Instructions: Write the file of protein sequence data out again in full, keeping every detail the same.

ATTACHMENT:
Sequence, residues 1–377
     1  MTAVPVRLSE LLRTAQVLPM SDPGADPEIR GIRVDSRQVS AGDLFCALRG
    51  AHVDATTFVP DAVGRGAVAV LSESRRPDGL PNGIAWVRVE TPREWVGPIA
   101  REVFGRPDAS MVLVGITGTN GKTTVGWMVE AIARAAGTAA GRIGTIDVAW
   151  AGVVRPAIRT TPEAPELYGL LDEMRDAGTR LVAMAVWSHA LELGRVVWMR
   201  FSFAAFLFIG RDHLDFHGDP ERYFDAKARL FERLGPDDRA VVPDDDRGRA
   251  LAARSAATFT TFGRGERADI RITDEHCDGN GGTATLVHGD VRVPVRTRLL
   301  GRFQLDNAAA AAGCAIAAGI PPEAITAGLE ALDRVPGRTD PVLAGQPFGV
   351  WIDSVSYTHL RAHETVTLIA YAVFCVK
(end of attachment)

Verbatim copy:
Sequence, residues 1–377
     1  MTAVPVRLSE LLRTAQVLPM SDPGADPEIR GIRVDSRQVS AGDLFCALRG
    51  AHVDATTFVP DAVGRGAVAV LSESRRPDGL PNGIAWVRVE TPREWVGPIA
   101  REVFGRPDAS MVLVGITGTN GKTTVGWMVE AIARAAGTAA GRIGTIDVAW
   151  AGVVRPAIRT TPEAPELYGL LDEMRDAGTR LVAMAVWSHA LELGRVVWMR
   201  FSFAAFLFIG RDHLDFHGDP ERYFDAKARL FERLGPDDRA VVPDDDRGRA
   251  LAARSAATFT TFGRGERADI RITDEHCDGN GGTATLVHGD VRVPVRTRLL
   301  GRFQLDNAAA AAGCAIAAGI PPEAITAGLE ALDRVPGRTD PVLAGQPFGV
   351  WIDSVSYTHL RAHETVTLIA YAVFCVK